‘I’m proud of how far I’ve come. I’m just ready to work.’ Exploring the relationships between the life circumstances of people with psychosocial disability and their engagement with the Australian Disability Employment Services program
AffiliationMelbourne School of Population and Global Health
Document TypePhD thesis
Access StatusOpen Access
© 2020 Alexandra Elizabeth Fraser Devine
Participation in decent work is recognised as central to supporting individuals, with and without disabilities, to attain socio-economic opportunities, and, health and well-being. Through their ratification of the United Nations Convention on the Rights of Persons with Disabilities (UNCRPD), Australia has committed to supporting people with disabilities realise their right to work. Yet, Australians with disabilities continue to experience significantly poorer employment outcomes when compared to Australians without disabilities. Among those with disabilities, people with psychosocial disability experience some of the lowest levels of employment. Challenging life circumstances, intertwined with vocational and non-vocational barriers to employment, are recognised as both causes and consequences of poorer employment outcomes. The Australian Disability Employment Services (DES) program, is the federal government’s specialised welfare program for people whose disability is assessed as their main barrier to employment. Over recent decades, continual reform has seen the DES program transition from a publicly-funded and delivered program to a quasi-market of government contracted for-profit and non-profit businesses who support and monitor the efforts of people with disabilities in receipt of income support (and a small number of voluntary participants) to actively promote their employability and participation in work. Under the current reforms, implemented in July 2018, DES participants have been given more choice and control to determine which provider they use and to change providers if they are not satisfied. It is assumed that these reforms will incentivise DES providers to be more responsive to participants’ needs, ultimately leading to improved employment outcomes. Drawing on survey data from 369 respondents with disabilities engaged with government funded employment services, and, qualitative interviews conducted at two time points with 30 DES participants with psychosocial disability (total 56 interviews), this thesis explored the perspectives of these participants on how their life circumstances influence and/or are influenced by their engagement with the DES program, in the context of the current reforms. The findings suggest that despite considerable investment and reform, the DES program struggles to address the significant and complex barriers to employment experienced by DES participants with psychosocial disability. Addressing these barriers requires broader social policy investment. Until this is achieved, the effectiveness of the DES program will continue to be undermined.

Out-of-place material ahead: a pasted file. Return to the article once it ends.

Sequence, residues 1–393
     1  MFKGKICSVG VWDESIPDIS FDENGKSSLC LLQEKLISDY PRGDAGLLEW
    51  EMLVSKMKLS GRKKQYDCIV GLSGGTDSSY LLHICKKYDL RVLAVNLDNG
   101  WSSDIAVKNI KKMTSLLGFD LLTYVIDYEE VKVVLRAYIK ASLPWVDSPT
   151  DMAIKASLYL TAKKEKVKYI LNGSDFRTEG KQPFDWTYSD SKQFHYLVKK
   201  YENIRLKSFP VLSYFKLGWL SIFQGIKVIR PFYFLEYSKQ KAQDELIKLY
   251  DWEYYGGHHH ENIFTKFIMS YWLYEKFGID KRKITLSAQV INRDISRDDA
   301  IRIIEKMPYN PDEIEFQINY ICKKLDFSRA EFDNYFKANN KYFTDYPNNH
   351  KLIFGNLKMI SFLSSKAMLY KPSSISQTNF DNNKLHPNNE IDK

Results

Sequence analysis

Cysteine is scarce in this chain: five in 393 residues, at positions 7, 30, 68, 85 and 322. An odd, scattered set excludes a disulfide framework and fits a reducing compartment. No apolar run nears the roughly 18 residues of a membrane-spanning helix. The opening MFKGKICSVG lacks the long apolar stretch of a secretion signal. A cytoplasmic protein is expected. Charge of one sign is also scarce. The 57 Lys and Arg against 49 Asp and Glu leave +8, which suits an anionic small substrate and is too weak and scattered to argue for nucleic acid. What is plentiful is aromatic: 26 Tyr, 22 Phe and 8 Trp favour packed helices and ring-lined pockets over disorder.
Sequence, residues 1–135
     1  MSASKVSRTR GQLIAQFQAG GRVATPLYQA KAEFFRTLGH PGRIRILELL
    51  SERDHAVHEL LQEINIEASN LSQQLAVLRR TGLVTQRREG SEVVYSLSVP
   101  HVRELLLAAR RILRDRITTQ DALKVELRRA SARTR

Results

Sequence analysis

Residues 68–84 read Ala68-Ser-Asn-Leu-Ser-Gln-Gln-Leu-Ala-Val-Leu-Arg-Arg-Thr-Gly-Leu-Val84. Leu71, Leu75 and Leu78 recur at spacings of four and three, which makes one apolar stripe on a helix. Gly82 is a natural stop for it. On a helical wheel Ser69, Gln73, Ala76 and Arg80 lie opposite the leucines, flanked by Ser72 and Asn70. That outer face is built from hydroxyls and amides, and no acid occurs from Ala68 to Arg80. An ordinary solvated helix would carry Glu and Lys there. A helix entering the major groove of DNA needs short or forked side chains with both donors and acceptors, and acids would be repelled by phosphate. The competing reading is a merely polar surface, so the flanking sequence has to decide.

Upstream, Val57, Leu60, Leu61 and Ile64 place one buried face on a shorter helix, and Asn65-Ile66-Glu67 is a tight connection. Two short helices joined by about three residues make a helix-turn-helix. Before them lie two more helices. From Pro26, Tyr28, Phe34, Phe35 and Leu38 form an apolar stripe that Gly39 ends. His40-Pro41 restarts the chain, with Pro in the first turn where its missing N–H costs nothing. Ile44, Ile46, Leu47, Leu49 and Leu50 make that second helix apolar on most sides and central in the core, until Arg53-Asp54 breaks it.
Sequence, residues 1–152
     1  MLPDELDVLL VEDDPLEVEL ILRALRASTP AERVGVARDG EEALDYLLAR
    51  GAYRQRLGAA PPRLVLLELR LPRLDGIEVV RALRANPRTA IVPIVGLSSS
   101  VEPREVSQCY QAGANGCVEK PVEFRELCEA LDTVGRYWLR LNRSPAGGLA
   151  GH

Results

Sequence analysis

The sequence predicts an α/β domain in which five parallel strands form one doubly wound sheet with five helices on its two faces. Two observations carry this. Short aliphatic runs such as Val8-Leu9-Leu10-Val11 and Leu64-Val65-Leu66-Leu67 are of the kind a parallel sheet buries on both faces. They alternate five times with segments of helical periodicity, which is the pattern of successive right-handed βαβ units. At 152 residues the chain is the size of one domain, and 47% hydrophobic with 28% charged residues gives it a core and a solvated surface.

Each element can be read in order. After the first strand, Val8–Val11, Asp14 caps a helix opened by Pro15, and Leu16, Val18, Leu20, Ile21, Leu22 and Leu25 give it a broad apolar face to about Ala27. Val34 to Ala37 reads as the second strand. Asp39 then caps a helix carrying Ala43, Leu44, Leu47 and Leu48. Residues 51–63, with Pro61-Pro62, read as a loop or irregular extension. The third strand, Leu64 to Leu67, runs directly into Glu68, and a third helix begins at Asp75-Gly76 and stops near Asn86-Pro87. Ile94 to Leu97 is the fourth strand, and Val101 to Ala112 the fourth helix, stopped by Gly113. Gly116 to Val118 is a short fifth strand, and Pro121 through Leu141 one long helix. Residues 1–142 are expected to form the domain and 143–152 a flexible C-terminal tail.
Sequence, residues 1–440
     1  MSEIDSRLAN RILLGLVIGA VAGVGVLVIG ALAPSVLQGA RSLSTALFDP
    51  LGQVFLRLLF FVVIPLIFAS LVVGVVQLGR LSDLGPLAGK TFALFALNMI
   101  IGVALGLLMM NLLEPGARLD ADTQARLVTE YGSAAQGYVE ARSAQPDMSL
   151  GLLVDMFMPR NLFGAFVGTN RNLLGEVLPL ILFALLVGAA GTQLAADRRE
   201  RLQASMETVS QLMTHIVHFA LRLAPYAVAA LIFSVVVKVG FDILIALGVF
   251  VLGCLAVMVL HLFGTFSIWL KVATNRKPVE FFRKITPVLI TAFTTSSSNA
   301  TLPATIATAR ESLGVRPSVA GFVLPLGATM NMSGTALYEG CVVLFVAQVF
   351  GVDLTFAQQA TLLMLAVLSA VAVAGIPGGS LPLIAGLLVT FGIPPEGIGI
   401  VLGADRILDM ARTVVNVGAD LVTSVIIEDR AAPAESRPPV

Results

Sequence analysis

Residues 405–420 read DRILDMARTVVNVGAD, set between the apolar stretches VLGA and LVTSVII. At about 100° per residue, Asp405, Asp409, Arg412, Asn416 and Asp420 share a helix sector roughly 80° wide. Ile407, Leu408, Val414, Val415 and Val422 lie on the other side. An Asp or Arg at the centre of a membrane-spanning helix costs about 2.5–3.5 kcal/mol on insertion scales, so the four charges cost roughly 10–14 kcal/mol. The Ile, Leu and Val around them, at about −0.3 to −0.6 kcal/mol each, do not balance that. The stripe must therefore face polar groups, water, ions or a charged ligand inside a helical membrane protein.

KeywordsDisability; Psychosocial-disability,; Disability Employment Services; Employment; Mental illness; Mental health; Mental health recovery
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